Efficacy of Compression Gloves in the Rehabilitation of Distal Radius Fractures: Randomized Controlled Study

Inbar Miller-Shahabar, Naomi Schreuer, Haim Katsevman, Benjamin Bernfeld, Anat Cons, Yael Raisman, Uzi Milman

Research output: Contribution to journalArticlepeer-review

Abstract

Objective The aim of this study was to examine the outcomes of wearing made-to-measure compression gloves after distal radius fracture. Design In a randomized controlled trial, adults who were about 6 wks post distal radius fracture were recruited and divided into a comparison control group (n = 15), who received standard rehabilitation twice a week for half an hour, and an intervention group (n = 17), who additionally used compression gloves. All treatments were conducted at a single rehabilitation clinic. Outcomes assessed were wrist and finger range of motion, grip strength, swelling, pain, and activities of daily living (using the Patient Rating Wrist Evaluation). The intervention group underwent additional objective dynamic assessments of range of motion with and without the gloves. Results The intervention group demonstrated reduced swelling, pain, and analgesic use; increased wrist range of motion; better scores for specific hand functions; and greater participation in activities of daily living compared with the comparison group. Conclusion This randomized controlled trial shows that using compression gloves during the rehabilitation phase after distal radius fracture improves daily functioning and reduces adverse symptoms. These improvements, which are important in their own right, are also expected to aid in preventing the development of chronic conditions and disability. Evidence Level II Un-blinded prospective comparative study.

Original languageEnglish
Pages (from-to)904-910
Number of pages7
JournalAmerican Journal of Physical Medicine and Rehabilitation
Volume97
Issue number12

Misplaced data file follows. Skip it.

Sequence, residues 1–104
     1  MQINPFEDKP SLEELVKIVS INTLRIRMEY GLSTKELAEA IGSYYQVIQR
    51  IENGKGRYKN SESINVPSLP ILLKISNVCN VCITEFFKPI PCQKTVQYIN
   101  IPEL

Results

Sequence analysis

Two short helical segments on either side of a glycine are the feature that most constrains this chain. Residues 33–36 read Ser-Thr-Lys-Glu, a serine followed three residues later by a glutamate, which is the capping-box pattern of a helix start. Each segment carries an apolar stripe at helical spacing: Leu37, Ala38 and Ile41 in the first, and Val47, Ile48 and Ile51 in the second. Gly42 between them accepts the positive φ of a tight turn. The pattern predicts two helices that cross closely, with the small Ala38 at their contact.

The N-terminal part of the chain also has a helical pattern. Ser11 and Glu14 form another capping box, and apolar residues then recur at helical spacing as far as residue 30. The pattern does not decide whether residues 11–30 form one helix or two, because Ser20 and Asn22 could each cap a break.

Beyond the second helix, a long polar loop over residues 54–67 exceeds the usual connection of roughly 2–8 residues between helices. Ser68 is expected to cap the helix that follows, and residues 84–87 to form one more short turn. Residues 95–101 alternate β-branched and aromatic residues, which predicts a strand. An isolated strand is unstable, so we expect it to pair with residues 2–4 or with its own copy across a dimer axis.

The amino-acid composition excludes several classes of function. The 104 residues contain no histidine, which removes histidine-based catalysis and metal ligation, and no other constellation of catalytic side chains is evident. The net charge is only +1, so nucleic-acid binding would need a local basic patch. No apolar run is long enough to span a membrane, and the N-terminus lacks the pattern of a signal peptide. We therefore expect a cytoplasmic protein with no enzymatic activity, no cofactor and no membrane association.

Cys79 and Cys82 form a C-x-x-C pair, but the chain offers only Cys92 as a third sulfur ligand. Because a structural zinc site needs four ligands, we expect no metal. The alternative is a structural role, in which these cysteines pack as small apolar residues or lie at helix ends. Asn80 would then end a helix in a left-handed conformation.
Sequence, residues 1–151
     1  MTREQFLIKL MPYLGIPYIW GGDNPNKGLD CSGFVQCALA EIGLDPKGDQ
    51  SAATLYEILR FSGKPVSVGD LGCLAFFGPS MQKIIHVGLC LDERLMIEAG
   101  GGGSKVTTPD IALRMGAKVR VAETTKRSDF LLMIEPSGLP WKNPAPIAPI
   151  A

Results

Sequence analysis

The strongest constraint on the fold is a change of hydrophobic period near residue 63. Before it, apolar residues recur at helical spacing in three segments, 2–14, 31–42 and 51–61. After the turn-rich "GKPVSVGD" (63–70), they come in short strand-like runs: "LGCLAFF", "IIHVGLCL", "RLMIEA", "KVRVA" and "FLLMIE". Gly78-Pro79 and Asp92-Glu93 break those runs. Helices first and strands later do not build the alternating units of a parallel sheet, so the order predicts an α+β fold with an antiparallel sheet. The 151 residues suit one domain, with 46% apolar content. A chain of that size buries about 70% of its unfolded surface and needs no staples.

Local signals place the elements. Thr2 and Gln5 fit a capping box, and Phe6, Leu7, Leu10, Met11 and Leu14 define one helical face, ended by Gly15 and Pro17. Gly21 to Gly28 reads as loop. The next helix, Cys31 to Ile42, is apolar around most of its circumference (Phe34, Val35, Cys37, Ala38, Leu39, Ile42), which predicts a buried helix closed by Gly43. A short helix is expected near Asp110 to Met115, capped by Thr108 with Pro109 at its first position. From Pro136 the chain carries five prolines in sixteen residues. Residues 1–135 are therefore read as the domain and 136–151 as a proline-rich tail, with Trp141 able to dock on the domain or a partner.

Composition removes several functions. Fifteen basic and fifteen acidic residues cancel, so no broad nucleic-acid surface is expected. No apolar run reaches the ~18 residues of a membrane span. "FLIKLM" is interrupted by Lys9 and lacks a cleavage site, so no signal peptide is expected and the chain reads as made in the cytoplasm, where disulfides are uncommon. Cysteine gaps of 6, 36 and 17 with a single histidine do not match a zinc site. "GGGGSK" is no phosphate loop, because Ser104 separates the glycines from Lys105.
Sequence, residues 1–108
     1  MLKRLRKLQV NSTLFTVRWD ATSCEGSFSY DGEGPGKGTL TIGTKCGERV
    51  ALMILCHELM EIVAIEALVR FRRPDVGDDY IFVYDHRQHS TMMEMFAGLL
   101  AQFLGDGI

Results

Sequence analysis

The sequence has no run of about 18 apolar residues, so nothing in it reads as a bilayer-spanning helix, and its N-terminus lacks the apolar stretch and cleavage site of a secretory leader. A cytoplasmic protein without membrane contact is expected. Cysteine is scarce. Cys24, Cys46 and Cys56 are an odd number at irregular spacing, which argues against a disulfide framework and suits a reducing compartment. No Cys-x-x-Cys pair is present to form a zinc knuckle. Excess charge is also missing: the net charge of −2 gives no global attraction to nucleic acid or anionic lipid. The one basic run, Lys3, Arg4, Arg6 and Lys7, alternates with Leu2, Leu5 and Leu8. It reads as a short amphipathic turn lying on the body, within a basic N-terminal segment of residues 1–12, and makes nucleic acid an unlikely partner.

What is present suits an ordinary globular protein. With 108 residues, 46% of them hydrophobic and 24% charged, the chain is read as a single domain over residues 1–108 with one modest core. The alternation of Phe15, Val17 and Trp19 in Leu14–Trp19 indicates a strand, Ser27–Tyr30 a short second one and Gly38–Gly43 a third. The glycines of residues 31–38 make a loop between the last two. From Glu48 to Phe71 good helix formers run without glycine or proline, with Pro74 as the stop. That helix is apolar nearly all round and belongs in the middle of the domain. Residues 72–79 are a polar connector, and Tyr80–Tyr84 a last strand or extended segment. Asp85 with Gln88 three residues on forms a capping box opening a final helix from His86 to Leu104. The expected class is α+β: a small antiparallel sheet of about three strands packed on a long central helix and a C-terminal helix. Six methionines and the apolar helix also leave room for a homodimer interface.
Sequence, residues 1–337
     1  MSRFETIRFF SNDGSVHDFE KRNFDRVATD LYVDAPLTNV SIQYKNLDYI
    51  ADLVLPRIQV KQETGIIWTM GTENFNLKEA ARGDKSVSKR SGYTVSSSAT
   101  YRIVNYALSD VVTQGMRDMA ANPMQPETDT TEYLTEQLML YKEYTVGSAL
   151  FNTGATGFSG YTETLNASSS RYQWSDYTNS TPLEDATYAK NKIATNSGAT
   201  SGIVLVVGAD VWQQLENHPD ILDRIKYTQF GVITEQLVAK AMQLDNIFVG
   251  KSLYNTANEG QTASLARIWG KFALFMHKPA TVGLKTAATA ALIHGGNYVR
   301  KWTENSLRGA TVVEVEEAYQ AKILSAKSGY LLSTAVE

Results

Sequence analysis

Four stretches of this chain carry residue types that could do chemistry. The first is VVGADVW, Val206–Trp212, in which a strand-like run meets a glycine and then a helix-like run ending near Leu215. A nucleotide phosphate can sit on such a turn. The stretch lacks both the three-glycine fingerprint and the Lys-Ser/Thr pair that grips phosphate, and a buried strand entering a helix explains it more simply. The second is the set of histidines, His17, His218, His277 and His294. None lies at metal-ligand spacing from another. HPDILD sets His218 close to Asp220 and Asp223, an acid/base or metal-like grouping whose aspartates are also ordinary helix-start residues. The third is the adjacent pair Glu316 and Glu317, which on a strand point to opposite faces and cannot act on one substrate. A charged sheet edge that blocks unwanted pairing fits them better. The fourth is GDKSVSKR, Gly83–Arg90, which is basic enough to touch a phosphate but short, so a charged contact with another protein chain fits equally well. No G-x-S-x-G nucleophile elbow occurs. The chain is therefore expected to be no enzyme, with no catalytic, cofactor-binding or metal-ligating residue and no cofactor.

DOIs
StatePublished - 1 Dec 2018

Bibliographical note

Funding Information:
Partially supported by the donation of made-to-measure compression gloves by Uriel Meditex Ltd. and by the provision of the MediTouch HandTutor system for use during the study. However, neither manufacturer employed or otherwise remunerated any of the authors. Researchers declare no competing interests. The paper is based on a thesis submitted as part of the requirements for the MSc degree in Occupational Therapy, Faculty of Social Welfare and Health Sciences, University of Haifa, Israel (In Hebrew). Financial disclosure statements have been obtained, and no conflicts of interest have been reported by the authors or by any individuals in control of the content of this article. Supplemental digital content is available for this article. Direct URL citations appear in the printed text and are provided in the HTML and PDF versions of this article on the journal’s Web site (www.ajpmr.com). Copyright © 2018 Wolters Kluwer Health, Inc. All rights reserved. ISSN: 0894-9115 DOI: 10.1097/PHM.0000000000000998

Publisher Copyright:
© 2018 Wolters Kluwer Health, Inc. All rights reserved.

Keywords

  • Outcome assessment (health care)
  • Range of motion (articular)
  • Recovery of function
  • Rehabilitation

ASJC Scopus subject areas

  • Physical Therapy, Sports Therapy and Rehabilitation
  • Rehabilitation

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